The squat is flexion (bending) through the knee and posterior tilting of the pelvis with the back straight. Or in more simple terms- from a standing position to a seated position without using our arms! When we were younger we would often play in this squatted position but with the knees bent even more so our buttocks are near the floor.
This move is integral in any lower limb rehabilitation programme and also a key component in any lower back stabilisation programme.
Is it muscle strength?
The fact the most of us are standing and walking then no. The prime movers in this move are the glutes (buttocks) quads (front of thigh) hamstrings (back of thigh) hip flexors (top of thigh into groin) and lower back. If these were not working then not only walking would be an issue but standing, sitting, actually anything that involves standing!
Are we body aware?
We all know that the body wasn’t designed to sit at a desk for 8 hours a day (however this is good for our bank accounts!) The price to pay is lengthen muscles when they should be tight, poor core stability and lower back strength. Glute strength is impaired and the body has to compensate. One of the most common compensations that the body does is low down the lower spine to aid the muscles. Any sort of compensation is bad and will eventually cause us issues.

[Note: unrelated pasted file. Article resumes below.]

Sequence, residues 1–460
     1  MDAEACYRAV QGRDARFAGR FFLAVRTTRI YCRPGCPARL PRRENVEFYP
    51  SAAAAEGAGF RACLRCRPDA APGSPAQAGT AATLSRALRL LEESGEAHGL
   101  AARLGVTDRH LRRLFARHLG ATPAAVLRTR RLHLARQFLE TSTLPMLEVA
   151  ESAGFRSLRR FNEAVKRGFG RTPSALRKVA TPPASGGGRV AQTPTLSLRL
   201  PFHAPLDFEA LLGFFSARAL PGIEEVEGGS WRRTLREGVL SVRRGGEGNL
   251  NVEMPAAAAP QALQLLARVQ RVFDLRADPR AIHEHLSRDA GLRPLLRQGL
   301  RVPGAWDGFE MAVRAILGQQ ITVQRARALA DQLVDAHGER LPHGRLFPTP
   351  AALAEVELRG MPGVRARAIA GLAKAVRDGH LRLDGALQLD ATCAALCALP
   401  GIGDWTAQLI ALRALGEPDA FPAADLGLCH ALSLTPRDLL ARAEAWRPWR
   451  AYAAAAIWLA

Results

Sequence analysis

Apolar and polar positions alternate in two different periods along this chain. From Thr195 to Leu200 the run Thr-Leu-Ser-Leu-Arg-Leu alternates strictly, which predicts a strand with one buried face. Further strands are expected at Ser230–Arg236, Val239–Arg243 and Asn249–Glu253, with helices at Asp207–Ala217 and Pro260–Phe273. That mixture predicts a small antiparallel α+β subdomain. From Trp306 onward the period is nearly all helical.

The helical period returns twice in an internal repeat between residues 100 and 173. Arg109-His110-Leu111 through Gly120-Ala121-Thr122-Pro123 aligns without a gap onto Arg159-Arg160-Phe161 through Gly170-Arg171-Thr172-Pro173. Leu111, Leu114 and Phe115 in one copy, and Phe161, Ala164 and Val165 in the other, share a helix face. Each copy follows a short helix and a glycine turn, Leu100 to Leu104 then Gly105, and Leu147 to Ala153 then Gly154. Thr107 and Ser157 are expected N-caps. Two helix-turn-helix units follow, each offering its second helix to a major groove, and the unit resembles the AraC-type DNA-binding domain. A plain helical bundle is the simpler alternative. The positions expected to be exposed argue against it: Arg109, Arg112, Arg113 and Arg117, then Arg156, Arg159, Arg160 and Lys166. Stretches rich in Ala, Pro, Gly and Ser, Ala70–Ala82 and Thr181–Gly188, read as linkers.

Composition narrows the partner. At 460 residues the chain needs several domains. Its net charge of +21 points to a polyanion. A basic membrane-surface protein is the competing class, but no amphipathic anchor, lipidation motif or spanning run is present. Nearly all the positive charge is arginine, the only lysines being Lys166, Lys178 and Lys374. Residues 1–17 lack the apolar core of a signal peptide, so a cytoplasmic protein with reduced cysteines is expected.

Pelvic tilting is the biggest movement that gets impaired. Is it that we just don’t know how to do it anymore is are the muscles so tight that it is unable to tilt correctly?
Pelvic tilting is anterioly and posteriorly tilting the pelvis. Imagine that you had a tail- it is moving the hips so that you push your tail out behind you and then tuck the tail in towards you. This is the starting movement of a squat- we tilt the pelvis posteriorly and bend the knees. If we fail to do this the pressure of the bend goes straight to our lower back and to our knees.
Being body aware is the first step. Start with pelvic tilt whilst standing. This involves standing hip width part and tilting the pelvic out and in. Lift the from side to side keeping the spine straight. Gym users can do this sitting on a stability ball in front of a mirror so you can see yourself keeping straight.
We then need to visualise switching on and off the glute muscles or buttocks. With each posterior tilt “turn off” the buttocks then with each anterior tilt “turn on” the buttocks.
Once this movement is relearned and you feel the control needed then whilst the posterior tilt is happening bend through the knees and allow the weight of your body move behind you. Remember the back should remain straight however you will lean forward to balance. Then straighten the knees tilt the pelvis inwards tense the glutes and stand straight.
When do we squat?
From anything from sitting on a chair behind you, sitting on the toilet through to gardening the squat plays a huge part of everyday life so the failure to do this effectively and under full control can cause some issues in your quality of life.
For more information on how to squat please contact Joe Reemer, our Rehabilitation Consultant for advice and tips.